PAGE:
Beat Chicago-Area Sex Crimes Charges with an Experienced Joliet Sex Crime Lawyer
Being accused of a sex crime is not something that anyone wants to go through. Though there are serious criminal penalties attached to these kinds of crimes, often they pale in comparison to the negative impact that accusations like this can have on a person’s career, family life, and ability to live normally.
Joliet attorney Douglas DeBoer knows this and has helped many people to fight charges of sexual misconduct and win their case. If you or someone that you love is facing an Illinois sex crimes charge, your first instinct might be to bury your head in the sand and try to stay away from prying eyes. After all, in this day and age of instantaneous news, where the mugshots of suspects are frequently shown on the local news, public opinion may have you “convicted” before you even go to court.
But doing this is a big mistake. Experience has taught Douglas DeBoer that sex crimes charges tend to be difficult to prove, and that it’s almost always in the defendant’s best interests to plead not guilty and fight against them.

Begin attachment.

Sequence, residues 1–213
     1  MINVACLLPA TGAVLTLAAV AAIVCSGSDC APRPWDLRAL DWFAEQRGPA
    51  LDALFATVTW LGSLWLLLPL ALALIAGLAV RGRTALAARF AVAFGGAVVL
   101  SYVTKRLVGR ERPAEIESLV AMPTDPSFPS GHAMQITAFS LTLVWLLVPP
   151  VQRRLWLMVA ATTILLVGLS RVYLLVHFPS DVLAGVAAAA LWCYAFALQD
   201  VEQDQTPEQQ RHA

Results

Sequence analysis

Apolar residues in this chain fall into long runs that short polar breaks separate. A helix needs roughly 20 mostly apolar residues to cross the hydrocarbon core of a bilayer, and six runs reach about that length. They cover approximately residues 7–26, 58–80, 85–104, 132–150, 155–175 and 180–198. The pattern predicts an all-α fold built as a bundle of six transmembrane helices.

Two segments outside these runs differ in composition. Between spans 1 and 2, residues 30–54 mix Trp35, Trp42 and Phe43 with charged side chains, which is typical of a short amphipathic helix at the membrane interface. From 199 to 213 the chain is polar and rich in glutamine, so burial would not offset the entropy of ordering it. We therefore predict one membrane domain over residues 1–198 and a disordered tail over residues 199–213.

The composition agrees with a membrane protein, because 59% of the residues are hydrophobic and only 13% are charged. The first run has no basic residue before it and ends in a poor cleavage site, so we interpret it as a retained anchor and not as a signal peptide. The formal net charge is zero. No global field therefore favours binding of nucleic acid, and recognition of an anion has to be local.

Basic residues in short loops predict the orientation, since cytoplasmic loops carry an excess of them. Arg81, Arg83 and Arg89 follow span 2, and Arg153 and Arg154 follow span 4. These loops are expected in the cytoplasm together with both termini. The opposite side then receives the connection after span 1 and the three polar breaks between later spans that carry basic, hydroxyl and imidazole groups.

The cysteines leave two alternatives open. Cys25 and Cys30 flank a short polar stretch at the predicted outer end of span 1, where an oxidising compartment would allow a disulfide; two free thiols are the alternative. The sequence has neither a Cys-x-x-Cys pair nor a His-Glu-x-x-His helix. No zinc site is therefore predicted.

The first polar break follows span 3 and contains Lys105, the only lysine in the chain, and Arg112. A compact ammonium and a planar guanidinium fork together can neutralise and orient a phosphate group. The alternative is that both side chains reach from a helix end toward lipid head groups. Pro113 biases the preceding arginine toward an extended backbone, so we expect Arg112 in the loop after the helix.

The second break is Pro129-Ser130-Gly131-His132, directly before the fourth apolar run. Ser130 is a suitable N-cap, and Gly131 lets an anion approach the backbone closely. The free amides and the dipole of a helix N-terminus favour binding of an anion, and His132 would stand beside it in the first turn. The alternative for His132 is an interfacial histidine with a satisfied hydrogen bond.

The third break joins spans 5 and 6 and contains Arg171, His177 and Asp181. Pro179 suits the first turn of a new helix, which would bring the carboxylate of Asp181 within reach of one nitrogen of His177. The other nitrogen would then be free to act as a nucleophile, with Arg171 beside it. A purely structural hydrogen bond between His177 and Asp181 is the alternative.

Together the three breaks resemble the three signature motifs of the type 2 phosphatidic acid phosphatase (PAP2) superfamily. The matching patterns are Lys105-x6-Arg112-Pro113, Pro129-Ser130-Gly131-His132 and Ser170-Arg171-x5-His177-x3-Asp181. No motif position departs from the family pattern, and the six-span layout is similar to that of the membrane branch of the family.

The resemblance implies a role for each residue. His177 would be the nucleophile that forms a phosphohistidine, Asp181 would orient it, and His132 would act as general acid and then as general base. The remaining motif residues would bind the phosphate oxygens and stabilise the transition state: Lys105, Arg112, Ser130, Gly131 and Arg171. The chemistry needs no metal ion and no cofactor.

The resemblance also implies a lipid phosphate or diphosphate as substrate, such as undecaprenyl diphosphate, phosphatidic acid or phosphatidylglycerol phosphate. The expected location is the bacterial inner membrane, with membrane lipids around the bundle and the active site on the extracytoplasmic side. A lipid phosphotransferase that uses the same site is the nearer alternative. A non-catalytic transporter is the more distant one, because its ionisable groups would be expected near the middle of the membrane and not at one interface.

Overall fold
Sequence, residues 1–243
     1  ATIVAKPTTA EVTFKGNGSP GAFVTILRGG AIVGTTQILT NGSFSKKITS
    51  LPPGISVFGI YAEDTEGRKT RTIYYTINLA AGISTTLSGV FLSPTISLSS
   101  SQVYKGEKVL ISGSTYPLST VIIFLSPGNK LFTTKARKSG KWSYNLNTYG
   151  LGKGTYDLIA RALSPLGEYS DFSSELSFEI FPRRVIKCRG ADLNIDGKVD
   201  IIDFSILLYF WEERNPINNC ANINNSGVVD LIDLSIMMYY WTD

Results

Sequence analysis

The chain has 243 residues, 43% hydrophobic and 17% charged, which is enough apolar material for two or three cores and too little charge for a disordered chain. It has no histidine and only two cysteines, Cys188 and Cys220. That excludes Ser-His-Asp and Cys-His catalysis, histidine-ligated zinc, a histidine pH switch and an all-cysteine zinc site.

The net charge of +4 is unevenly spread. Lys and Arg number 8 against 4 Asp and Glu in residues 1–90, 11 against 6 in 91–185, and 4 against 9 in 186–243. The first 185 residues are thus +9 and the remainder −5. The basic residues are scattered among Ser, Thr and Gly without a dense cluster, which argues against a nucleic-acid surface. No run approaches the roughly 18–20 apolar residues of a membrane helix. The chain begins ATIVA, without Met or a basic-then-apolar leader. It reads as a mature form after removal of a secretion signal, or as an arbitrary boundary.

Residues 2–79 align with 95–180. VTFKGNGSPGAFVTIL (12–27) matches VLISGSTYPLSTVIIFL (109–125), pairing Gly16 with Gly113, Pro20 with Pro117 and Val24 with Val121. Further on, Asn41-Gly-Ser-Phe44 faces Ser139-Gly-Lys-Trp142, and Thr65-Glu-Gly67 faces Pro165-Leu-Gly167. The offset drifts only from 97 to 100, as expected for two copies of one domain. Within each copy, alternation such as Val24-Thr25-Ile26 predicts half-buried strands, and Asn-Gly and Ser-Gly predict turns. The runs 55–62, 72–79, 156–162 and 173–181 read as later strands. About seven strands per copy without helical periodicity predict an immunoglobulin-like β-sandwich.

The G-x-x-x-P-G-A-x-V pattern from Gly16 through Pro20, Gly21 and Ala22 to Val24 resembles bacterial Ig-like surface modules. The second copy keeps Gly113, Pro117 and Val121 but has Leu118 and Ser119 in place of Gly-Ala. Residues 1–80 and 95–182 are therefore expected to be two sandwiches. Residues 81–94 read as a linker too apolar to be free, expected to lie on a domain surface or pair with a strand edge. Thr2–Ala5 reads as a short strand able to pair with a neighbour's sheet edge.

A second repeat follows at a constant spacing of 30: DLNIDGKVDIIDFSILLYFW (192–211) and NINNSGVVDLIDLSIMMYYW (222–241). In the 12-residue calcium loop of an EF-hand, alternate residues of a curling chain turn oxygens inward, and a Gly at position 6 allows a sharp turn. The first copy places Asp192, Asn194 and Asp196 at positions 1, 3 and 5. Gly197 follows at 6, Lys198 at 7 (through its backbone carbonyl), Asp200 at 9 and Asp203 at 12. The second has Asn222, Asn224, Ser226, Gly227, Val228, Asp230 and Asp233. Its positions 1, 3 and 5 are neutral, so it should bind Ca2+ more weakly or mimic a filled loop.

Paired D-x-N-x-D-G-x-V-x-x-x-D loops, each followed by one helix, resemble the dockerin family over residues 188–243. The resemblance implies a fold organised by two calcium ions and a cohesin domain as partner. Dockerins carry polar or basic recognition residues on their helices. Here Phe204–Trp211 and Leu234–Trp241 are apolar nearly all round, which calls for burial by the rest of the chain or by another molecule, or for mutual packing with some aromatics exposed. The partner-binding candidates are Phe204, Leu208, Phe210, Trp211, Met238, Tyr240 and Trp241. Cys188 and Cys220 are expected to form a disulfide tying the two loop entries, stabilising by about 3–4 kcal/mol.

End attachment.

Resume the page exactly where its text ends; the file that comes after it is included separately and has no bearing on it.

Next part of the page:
Different Sex Crimes Charges in Illinois
Illinois state laws list a number of crimes that are considered to be of a sexual nature, and they vary greatly in description and severity. It is important that you understand the definitions and attached penalties that you will face, so below are explanations of some of the most serious sex crimes on the books in our state:
Criminal Sexual Abuse. This is the only Class A misdemeanor that exists in the law books of Illinois. It involves engaging in sexual conduct with a minor, but don’t let the fact that it’s a misdemeanor fool you – the attached penalties are very serious, and the language of the law is written in such a way that criminal sexual abuse can easily be bumped up to a class 2 or even a class 4 felony in many cases. And even if it “just” stays as a misdemeanor, you’ll still have to register as a sex offender, which for many people is the worst part of any sex crime.
This crime is a misdemeanor when:
- Both the accused and the victim are under 17 years old and the victim is at least 9 years old.
- The victim is between 13 and 16 years of age and the accused is older than 17, but no more than 5 years older than the victim.
The maximum penalty for an Illinois misdemeanor is one year in jail, which can be reduced by half for good behavior.